Friday, February 24, 2012

An Interview With Anthony Mackie about Real Steel

Anthony Mackie (Finn) trained at the Juilliard School of Drama. After receiving rave reviews playing Tupac Shakur in the off-Broadway production “Up Against the Wind,” Mackie made his feature-film debut as Eminem’s nemesis, Papa Doc, in Curtis Hanson’s “8 Mile.” Spike Lee subsequently cast Mackie in the 2004 Toronto Film Festival Masters Program selection “Sucker Free City” and “She Hate Me.” He also appeared in Clint Eastwood’s Academy Award®-winning “Million Dollar Baby” and Jonathan Demme’s “The Manchurian Candidate.”

Mackie earned IFP Spirit and Gotham Award nominations for his performance in Rodney Evans’ “Brother to Brother.” In 2005, he appeared in “Heavens Fall,” which premiered at the 2006 SXSW Film Festival in Austin.

In 2009, Mackie was seen as Sgt. J.T. Sanborn in Kathryn Bigelow’s Academy Award®–winning “The Hurt Locker” (Best Picture), a performance that earned Mackie an Independent Spirit Award nomination. That same year, Mackie revisited the role of Tupac Shakur in Fox Searchlight’s “Notorious,” the biopic of Notorious B.I.G. He also starred as Maj. William Bowman in DreamWorks Studios’ “Eagle Eye.”

Last year, Mackie returned to Broadway, starring in Martin McDonough’s “A Beheading in Spokane.” He also starred with Kerry Washington in the drama “Night Catches Us.” Most recently, Mackie was seen in Universal Pictures’ “The Adjustment Bureau” and can be seen in the upcoming film “Man on a Ledge,” which will be released on January 13, 2012.

Mackie recently wrapped the films “Ten Year” and “Abraham Lincoln: Vampire Hunter” and is currently filming a pair of projects: the psychological thriller “Vipaka” with Forest Whitaker and the much-anticipated Ruben Fleischer film “Gangster Squad,” which also stars Ryan Gosling and Sean Penn. His other feature-film credits include “We Are Marshall,” “Half Nelson,” “Crossover,” “Haven” and “Freedomland.”

Q:        What attracted you to the role of Finn?
A:        I haven’t had the opportunity yet in my career to really do anything rambunctious and outlandish. When I read the script, I was like, “It’s time to have some fun.”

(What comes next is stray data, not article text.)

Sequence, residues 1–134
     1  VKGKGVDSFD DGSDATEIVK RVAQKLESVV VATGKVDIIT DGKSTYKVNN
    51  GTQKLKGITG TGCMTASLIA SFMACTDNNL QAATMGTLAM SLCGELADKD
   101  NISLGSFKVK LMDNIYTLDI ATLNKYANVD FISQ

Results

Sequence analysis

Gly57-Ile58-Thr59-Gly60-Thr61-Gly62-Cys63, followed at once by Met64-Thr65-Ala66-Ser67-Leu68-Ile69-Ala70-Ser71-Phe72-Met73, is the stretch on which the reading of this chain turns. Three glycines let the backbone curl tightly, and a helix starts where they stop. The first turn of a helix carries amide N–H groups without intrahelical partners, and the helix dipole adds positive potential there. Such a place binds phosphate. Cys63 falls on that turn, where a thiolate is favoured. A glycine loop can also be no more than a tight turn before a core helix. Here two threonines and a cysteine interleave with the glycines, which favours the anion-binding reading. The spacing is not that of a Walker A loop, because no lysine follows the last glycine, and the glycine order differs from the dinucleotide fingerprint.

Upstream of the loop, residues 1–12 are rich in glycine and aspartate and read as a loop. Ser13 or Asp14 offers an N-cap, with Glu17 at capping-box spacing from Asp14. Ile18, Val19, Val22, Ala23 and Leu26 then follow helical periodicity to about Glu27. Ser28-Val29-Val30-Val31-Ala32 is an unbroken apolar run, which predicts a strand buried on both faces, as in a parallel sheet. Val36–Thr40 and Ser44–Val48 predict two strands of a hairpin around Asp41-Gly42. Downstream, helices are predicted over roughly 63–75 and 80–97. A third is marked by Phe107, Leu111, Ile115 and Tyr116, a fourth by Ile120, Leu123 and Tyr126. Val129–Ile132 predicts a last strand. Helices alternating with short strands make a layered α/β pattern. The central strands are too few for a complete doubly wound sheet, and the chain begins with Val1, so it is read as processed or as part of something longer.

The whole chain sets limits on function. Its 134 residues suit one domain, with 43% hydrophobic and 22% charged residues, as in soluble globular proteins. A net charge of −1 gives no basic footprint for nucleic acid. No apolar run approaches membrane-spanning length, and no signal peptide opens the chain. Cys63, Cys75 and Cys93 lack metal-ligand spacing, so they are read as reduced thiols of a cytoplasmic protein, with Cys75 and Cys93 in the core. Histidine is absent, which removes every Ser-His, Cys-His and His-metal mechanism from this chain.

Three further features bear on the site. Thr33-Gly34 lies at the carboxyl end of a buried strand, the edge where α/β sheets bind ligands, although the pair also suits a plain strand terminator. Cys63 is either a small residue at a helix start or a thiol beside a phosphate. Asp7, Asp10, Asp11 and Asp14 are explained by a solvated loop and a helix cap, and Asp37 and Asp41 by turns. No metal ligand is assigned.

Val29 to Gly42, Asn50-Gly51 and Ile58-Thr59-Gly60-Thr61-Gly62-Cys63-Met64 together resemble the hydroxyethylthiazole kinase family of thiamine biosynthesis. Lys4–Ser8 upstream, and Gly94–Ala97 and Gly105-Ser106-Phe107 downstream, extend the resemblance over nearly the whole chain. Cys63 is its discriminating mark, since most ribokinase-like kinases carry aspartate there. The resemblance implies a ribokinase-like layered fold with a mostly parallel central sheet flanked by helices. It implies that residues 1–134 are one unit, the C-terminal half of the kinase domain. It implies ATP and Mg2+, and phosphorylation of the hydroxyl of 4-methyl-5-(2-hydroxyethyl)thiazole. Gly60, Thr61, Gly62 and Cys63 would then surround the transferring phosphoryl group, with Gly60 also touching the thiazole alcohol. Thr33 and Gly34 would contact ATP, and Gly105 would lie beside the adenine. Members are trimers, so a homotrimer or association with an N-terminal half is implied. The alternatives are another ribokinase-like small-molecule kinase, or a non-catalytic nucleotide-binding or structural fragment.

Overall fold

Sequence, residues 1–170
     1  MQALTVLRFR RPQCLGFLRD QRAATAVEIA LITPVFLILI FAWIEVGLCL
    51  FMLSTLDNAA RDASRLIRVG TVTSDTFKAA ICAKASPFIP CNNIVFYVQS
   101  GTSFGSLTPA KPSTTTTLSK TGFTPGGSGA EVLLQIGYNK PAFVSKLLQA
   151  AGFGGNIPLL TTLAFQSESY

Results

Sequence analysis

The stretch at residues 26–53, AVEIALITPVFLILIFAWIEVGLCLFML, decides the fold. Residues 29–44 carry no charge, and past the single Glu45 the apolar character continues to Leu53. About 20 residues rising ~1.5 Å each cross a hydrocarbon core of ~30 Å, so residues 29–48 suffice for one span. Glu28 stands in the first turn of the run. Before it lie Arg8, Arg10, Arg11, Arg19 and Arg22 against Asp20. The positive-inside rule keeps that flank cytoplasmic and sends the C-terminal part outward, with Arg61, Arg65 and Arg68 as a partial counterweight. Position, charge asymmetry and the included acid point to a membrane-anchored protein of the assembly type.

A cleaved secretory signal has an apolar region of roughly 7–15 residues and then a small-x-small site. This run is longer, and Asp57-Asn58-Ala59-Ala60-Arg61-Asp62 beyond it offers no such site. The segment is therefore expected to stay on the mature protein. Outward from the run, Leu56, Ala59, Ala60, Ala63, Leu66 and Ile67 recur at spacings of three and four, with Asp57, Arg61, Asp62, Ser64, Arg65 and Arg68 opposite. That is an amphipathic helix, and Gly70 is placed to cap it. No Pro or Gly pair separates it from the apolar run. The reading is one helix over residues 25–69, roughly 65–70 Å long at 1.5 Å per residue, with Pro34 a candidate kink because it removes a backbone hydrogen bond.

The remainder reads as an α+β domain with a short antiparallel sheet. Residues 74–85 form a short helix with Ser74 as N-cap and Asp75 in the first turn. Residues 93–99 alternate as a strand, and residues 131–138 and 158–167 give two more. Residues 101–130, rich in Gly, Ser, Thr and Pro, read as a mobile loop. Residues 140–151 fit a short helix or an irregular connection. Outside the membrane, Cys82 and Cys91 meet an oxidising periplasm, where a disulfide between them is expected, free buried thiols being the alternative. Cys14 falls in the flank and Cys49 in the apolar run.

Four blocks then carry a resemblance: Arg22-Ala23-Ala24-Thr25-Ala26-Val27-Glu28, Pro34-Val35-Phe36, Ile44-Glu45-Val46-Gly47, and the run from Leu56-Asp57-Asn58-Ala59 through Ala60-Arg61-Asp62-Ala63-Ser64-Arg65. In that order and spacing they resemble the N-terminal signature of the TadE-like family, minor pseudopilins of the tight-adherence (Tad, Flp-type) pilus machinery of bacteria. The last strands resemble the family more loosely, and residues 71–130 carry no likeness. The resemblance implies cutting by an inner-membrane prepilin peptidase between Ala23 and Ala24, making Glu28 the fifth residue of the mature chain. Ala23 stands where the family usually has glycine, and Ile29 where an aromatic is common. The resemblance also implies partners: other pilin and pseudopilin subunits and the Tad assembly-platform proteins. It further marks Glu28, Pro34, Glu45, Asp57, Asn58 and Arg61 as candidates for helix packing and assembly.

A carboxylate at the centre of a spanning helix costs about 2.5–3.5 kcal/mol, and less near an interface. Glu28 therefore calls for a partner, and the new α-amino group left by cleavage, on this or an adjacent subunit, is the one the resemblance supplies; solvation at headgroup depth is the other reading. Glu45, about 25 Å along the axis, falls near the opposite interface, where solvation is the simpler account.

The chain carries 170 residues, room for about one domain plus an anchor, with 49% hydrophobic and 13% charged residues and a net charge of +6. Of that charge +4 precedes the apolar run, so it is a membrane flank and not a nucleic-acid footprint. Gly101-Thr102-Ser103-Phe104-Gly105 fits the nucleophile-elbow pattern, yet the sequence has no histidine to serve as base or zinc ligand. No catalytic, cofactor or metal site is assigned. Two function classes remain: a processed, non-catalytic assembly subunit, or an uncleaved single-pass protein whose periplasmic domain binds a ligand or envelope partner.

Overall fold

Q:      Is there something specific you look for in the roles you choose?
A:         I just always look for something different, weird and creative. I feel like I’m blessed because I get to do what I love. Why wouldn’t I go to work and have a good time and enjoy myself and do something different and challenge myself? Johnny Depp shouldn’t be the only dude having fun doing this.

Q:        Were you inspired by Don King for your character or did you want to add a whole new spin to your character?
A:         Finn is 100 percent Don King. When I was in high school I read a story about Don King and he said, “Set yourself on fire and the world will pay to watch you burn.” I thought that was the most amazing thing I’d ever heard. I wrote it on my wall and everything.

I feel like there’s an element of Don King that a lot of people don’t really pay attention to. Besides Muhammad Ali, he’s the second most charismatic and influential figure in the world of boxing. A lot of people take that for granted because of all the crazy stuff he has said and all of the words he made up, but I really feel like there is something beautiful about the art and craft he brought to boxing. He also turned it into a billion dollar business. I tried to turn Finn into that kind of character in case there’s a sequel so I could finally get Don King’s hair. I asked Shawn Levy for his hair in this one, but he said no.

Q:        You’ve been quoted as saying that you were a bit intimidated when you first saw a robot that was built for the film. Can you talk about that experience?
A:         It’s not every day you see an almost nine-foot tall robot just standing there. I mean, when I go to certain nightclubs or bars and see a six-foot-four black dude, I’m used to that. But when I see a nine-foot tall animatronics robot and he lifts his arm and puts it down, it’s very intimidating at first. I call it the Jack Bauer effect. When something is in the room and it’s not normal, I wait for that thing to go crazy and kill everybody in the room. Or it’s like going to somebody’s house and they have a Great Dane on the rug. It’s “Nice doggie” until he gets up and mauls my face. That’s how I looked at the robots.

Q:        What was it like working with Hugh Jackman?
A:       Hugh’s a great guy. We had a lot of fun and he was always open and responsive and really cool. The dude doesn’t have a negative bone in his body. It’s weird for somebody to play Wolverine and not be a rugby-playing, crazy dude but he’s not at all. That shows his versatility as an actor but also his humility as a human being. 

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